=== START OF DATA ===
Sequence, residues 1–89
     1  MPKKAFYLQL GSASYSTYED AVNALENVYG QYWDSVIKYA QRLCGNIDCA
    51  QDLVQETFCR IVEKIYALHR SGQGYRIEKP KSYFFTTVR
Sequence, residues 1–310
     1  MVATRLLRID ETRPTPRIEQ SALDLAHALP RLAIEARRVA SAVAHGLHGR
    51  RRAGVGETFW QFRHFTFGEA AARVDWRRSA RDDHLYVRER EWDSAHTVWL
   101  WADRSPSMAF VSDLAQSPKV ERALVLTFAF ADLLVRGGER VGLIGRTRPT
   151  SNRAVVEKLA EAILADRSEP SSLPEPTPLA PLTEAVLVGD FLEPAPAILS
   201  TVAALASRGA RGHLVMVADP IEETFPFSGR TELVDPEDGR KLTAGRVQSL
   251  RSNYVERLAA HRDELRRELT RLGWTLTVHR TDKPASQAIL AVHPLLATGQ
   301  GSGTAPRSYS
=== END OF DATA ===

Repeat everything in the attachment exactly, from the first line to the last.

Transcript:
Sequence, residues 1–89
     1  MPKKAFYLQL GSASYSTYED AVNALENVYG QYWDSVIKYA QRLCGNIDCA
    51  QDLVQETFCR IVEKIYALHR SGQGYRIEKP KSYFFTTVR
Sequence, residues 1–310
     1  MVATRLLRID ETRPTPRIEQ SALDLAHALP RLAIEARRVA SAVAHGLHGR
    51  RRAGVGETFW QFRHFTFGEA AARVDWRRSA RDDHLYVRER EWDSAHTVWL
   101  WADRSPSMAF VSDLAQSPKV ERALVLTFAF ADLLVRGGER VGLIGRTRPT
   151  SNRAVVEKLA EAILADRSEP SSLPEPTPLA PLTEAVLVGD FLEPAPAILS
   201  TVAALASRGA RGHLVMVADP IEETFPFSGR TELVDPEDGR KLTAGRVQSL
   251  RSNYVERLAA HRDELRRELT RLGWTLTVHR TDKPASQAIL AVHPLLATGQ
   301  GSGTAPRSYS